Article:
When desired, the blowing agent can comprise a mixture of a major amount, e.g., 70-99% by weight, of a blowing agent of the type described above and a minor amount, e.g., 30-1% by weight, of an organic solvent having a solvent action on thermoplastic styrene polymers. Exemplary of suitable solvents are acetone, methylene chloride, styrene monomer, benzene, Xylene, carbon tetrachloride, chloroform, etc. Preferably, the organic solvent should have a boiling point not higher than about 80 C.
The total amount of blowing agent employed in the process of the invention is about 3-10%, preferably about 5-8%, based on the weight of the polymerizable material. As mentioned earlier, the major portion of the blowing agent is present from the beginning of the polymerization reaction. The amount of blowing agent added during the stage of 45-85% conversion is about 5-35%, preferably about 10-20%, e.g., about 15%, of the total amount of blowing agent.
The late add of blowing agent can be incremental but is preferably continuous, and it is made over a period of time during which about 20-30% conversion takes place. At least a portion of the blowing agent is added during the stage of 65-75% conversion, and it is preferable for blowing agent to be added throughout the period of 65- 75% conversion. According to a preferred embodiment of the invention, the late add of blowing agent is commenced at the stage of about 50-55% conversion and continued until the stage of about 8085% conversion.
The polymerization is conducted in an aqueous suspension system and can employ the reaction conditions and polymerization adjuvants conventionally used in such processes. Thus, for example, the polymerization can be conducted at a temperature of 60-100 C. or higher under a pressure of 1-10 atmospheres in the presence of a conventional catalyst such as an azo compound, e.g., azobisisobutyronitrile, or a peroxy compound, e.g.,. cumene hydroperoxide, benzoyl peroxide, acetyl benzoyl peroxide, di-t-butyl peroxide, etc., alone or in combination with a reducing agent providing a redox system. Agitation, usually by means of a stirrer, is employed to keep the polymerizable material in suspension, and it is conventional to employ suspending agents such as water-insoluble inorganic oxides, hydroxides, and salts and water-soluble polymers such as polyvinyl alcohols, methyl cellulose, gelatine, polyvinylpyrrolidone, carboxymethylcellulose and its watersoluble salts, and polyacrylic acids and their water-soluble salts.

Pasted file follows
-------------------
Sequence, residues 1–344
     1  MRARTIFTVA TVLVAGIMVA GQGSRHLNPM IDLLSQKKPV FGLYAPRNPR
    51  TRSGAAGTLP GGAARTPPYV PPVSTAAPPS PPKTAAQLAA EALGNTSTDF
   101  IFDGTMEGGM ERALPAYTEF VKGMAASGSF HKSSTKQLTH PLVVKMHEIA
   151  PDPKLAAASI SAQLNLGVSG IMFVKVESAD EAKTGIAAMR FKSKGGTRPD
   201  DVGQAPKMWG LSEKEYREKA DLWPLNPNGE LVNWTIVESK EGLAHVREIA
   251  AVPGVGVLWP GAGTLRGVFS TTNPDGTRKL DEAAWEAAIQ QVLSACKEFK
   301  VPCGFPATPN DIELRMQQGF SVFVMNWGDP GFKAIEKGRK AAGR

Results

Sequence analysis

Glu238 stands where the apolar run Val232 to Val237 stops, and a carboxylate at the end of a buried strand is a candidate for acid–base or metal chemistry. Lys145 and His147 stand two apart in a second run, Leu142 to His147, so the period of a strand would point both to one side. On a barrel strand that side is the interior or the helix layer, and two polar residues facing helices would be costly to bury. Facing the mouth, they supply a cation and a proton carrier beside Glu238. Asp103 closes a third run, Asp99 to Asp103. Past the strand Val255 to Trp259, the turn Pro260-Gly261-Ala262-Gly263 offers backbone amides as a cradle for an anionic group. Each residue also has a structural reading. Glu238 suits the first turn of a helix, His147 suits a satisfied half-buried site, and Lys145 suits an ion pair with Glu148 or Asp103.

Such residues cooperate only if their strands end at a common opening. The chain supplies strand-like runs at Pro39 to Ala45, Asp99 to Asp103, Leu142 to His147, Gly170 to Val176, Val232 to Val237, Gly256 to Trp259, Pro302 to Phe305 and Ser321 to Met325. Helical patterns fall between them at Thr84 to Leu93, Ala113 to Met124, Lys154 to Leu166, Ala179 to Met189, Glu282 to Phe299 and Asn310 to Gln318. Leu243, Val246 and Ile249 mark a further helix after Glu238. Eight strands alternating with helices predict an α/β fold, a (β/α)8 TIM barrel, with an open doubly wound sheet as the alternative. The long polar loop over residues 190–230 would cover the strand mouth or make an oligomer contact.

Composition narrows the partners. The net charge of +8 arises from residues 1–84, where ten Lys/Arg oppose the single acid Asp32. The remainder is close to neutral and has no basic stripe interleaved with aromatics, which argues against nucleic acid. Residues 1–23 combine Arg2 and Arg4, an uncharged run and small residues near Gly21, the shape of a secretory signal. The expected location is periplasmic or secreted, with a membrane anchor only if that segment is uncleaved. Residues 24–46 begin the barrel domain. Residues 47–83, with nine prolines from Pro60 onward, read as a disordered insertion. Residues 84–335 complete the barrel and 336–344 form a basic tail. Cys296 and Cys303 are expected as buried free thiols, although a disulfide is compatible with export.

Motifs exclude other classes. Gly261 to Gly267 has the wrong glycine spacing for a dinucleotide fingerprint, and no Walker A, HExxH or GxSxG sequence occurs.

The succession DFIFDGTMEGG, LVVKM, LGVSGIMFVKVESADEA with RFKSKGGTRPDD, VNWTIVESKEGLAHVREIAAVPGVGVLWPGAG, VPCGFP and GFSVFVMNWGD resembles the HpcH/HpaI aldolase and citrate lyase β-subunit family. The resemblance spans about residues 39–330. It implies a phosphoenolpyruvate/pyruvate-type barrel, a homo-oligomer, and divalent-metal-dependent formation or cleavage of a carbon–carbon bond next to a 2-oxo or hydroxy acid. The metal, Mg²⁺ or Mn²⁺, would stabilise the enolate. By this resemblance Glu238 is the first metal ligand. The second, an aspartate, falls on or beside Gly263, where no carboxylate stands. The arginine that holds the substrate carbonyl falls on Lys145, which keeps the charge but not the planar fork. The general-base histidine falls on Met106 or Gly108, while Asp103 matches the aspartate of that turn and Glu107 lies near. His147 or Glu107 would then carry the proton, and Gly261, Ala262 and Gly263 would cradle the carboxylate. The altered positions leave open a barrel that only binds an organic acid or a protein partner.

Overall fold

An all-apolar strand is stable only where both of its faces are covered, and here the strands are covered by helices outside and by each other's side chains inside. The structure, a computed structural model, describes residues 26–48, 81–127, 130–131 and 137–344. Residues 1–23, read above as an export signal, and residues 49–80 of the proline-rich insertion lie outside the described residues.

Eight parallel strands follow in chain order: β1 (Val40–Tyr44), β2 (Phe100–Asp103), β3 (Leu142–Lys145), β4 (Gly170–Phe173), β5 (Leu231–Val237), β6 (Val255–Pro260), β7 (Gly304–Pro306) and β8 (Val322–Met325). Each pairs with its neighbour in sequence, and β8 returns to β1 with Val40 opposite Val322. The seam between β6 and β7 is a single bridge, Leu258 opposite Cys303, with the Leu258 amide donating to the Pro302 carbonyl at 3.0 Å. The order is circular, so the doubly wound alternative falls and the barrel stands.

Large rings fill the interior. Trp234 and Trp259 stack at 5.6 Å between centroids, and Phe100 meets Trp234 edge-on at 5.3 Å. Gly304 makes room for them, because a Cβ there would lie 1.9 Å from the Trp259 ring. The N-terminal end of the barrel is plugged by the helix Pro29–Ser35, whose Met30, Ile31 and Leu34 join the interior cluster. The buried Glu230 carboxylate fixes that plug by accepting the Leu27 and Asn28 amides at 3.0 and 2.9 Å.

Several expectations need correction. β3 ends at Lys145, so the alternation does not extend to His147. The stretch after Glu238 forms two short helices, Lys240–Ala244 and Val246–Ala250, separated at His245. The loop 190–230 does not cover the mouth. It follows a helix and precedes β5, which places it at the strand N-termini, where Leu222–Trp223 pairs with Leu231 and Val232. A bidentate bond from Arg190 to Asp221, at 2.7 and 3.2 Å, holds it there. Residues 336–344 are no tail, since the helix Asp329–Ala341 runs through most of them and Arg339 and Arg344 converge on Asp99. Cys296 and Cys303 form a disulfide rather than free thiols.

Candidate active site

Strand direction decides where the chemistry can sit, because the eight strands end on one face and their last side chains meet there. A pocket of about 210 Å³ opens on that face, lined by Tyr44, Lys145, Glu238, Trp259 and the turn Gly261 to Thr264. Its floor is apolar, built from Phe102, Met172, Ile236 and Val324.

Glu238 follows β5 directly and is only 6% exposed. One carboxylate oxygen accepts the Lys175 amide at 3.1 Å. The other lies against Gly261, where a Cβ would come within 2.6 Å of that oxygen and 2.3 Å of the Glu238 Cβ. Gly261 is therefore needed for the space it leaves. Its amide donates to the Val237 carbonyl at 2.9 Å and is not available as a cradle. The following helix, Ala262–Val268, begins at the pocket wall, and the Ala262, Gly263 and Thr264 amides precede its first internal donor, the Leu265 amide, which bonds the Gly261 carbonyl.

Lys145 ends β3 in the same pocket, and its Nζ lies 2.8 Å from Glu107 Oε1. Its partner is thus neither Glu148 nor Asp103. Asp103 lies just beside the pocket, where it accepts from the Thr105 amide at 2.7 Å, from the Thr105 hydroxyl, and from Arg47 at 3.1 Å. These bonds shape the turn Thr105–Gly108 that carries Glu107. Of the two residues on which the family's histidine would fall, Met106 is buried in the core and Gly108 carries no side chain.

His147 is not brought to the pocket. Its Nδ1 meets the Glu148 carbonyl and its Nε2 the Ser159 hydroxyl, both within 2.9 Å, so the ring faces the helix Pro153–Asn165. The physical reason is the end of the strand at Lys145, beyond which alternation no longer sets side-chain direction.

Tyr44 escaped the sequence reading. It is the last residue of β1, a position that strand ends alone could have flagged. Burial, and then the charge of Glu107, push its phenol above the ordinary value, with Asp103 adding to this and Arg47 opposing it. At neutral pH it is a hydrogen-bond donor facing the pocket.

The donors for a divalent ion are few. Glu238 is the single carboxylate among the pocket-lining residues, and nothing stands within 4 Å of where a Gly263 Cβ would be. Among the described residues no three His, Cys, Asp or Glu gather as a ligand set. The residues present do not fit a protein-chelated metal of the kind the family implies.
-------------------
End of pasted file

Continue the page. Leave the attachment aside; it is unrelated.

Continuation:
After the polymerization, the system is allowed to cool to room temperature, the pressure is adjusted to atmospheric pressure, and the foamable beads can then be filtered olf, washed if necessary, and dried. They are then ready for use in the production of foamed thermoplastic styrene polymers by foaming and molding in the ordinary way.
The process of the invention is particularly advantageous in that it (1) reduces detrimental build-up of polymer on the walls of the polymerization vessel and (2) results in the formation of spherical, foamable beads which are free of surface craters and which, because of their good shape and surface, impart better physical properties to foamed articles which are molded from them.
It is obvious that many variations can be made in the proudcts and processes set forth above without departing from the spirit and scope of this invention.
What is claimed is:
1. In a process for preparing foamable beads by polymerizing 100 parts by weight of a polymerizable material comprising styrene in an aqueous suspension system in the presence of 3-10 parts by weight of a volatile organic blowing agent, the improvement which comprises conducting the polymerization in the presence of only 65-95% of the total amount of blowing agent until the stage of 45% conversion to polymer is attained and adding the remaining 535% of the blowing agent during the stage of -85% conversion over a period of time during which about 20-30% conversion takes place so that at least a portion of the blowing agent is added during the stage of -75% conversion.
2. The process of claim 1 wherein the polymerization is conducted in the presence of about 5-8 parts by weight of the blowing agent, only -90% of which is present until the stage of about 50-55% conversion is attained, and the remaining 10-20% of which is added from the stage of about 50-55% conversion until the stage of about 80-85% conversion.
3. The process of claim 2 wherein the amount of blowing agent added between about 50-55% conversion and about 8085% conversion is about 15% of the total amount of blowing agent.
4. The process of claim 1 wherein the blowing agent is pentane.
5. The process of claim 1 wherein the blowing agent is petroleum ether.
6. The process of claim 1 wherein the polymerizable material is styrene.
7. The process of claim 1 wherein the polymerizable material is a mixture of at least 50% by weight of styrene and up to 50% by weight of copolymerizable monomers.
References Cited UNITED STATES PATENTS 3,265,642 8/1966 Hatano et al 2602.5 B 3,505,253 4/1970 Finestone et a1 260-2.5 B 3,496,123 2/1970 WOlIT 2602.5 B 3,192,169 6/1'965 Doak 2602.5 B
MURRAY TILLMAN, Primary Examiner M. FOELAK, Assistant Examiner US. Cl. X.R. 260-93.5 W